NELSPRUIT, South Africa (Reuters) - New Zealand coach Ian Foster says his side have improved their performance from the historic 2-1 home series loss to Ireland, despite a heaviest defeat by South Africa in 94 years at the Mbombela Stadium on Saturday.
The Springboks' power game, dominance of the ruck and superiority under the high ball was too much for the All Blacks, who lost 26-10 to get their Rugby Championship campaign off to a disappointing start.
It is a fifth defeat in six games for Foster, who was already under pressure before the game but will now have further questions asked of his ability to lead the team a little over a year out from the Rugby World Cup in France.
But he remains defiant and says there were aspects of the All Blacks’ performance that pleased him greatly, and says they will be better in the second Rugby Championship encounter against the Boks at Ellis Park in Johannesburg on Aug. 13.
"Congratulations to South Africa, they were more clinical than us," Foster said. "They played their (style of) game well... under pressure they went to the kicking game and that put us under a lot of pressure.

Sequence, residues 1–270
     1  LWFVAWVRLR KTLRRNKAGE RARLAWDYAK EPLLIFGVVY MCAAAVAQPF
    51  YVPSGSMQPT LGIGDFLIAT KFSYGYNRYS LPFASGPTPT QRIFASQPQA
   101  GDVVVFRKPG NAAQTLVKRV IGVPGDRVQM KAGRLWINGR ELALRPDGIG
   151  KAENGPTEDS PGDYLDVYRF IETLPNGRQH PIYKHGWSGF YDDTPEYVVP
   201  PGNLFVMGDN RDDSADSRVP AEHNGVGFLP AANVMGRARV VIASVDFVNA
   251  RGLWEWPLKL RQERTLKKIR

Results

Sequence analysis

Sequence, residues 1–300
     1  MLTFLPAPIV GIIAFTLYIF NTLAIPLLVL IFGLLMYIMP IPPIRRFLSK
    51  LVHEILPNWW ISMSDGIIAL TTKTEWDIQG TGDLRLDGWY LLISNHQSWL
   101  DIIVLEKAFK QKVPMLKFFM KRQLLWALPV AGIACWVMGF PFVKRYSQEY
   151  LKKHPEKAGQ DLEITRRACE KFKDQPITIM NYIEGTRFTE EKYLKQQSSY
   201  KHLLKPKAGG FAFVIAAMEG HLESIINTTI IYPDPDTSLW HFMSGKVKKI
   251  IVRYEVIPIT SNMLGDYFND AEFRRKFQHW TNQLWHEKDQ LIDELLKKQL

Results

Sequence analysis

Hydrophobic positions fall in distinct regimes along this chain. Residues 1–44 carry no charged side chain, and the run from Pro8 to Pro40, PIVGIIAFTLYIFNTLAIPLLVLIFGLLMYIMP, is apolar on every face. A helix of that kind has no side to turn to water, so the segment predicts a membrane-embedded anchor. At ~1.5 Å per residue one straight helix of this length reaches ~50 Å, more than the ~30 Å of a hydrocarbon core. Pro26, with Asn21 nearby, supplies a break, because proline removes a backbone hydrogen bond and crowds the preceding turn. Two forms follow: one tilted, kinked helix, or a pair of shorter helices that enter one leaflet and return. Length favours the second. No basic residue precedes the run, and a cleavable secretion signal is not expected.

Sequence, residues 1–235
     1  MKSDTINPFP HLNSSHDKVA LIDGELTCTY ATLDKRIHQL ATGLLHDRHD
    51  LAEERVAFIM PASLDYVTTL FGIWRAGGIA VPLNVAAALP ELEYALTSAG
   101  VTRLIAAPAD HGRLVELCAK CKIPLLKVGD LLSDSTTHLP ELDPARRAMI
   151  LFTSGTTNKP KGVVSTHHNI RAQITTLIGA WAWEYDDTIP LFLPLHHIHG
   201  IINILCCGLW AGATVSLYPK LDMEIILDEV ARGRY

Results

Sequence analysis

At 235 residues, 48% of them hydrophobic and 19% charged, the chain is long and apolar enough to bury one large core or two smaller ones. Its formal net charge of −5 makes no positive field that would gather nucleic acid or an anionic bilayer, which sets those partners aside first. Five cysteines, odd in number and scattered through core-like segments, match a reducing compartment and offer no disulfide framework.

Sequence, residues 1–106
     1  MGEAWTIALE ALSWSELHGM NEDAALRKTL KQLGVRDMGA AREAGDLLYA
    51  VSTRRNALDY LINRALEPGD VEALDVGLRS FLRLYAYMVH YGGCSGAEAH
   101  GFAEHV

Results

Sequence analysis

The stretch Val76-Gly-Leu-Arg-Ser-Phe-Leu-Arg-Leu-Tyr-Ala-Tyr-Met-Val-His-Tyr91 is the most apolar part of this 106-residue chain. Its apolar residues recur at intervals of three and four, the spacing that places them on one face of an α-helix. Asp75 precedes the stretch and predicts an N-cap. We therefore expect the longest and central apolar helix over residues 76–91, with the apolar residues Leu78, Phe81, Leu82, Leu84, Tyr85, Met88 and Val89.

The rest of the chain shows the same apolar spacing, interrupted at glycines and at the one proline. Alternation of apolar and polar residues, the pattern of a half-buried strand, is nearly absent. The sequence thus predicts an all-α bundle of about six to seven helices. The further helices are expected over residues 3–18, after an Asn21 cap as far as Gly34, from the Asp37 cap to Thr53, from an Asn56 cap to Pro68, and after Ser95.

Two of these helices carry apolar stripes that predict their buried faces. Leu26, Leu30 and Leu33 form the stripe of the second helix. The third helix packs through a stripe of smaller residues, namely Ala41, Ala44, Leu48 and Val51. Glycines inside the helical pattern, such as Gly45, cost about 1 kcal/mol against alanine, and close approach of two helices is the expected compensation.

"For us, I actually thought it was a step up in performance from the last series. The line-out worked well, the maul defence was good and our overall defence was pretty solid.
"We perhaps just missed a little bit of timing in terms of our attack. We will have to go and look at that."
New Zealand conceded 11 penalties to the Boks’ seven, but Foster says that is all down to the pressure put on his team.
"It felt like we weren’t getting the rub of the green in the first 20 minutes and that put us behind a little bit," he said.
"The third quarter was critical for us in terms of getting back into the game, but all the Springboks did was carry hard and get a few penalties. That is their game, which is a pressure game.
"You saw as the match unfolded the opportunities did start to come, there were just a couple of handling errors. I thought we made some strides (forward), but we have to prove that next week."
(Reporting by Nick Said; Editing by Christian Radnedge)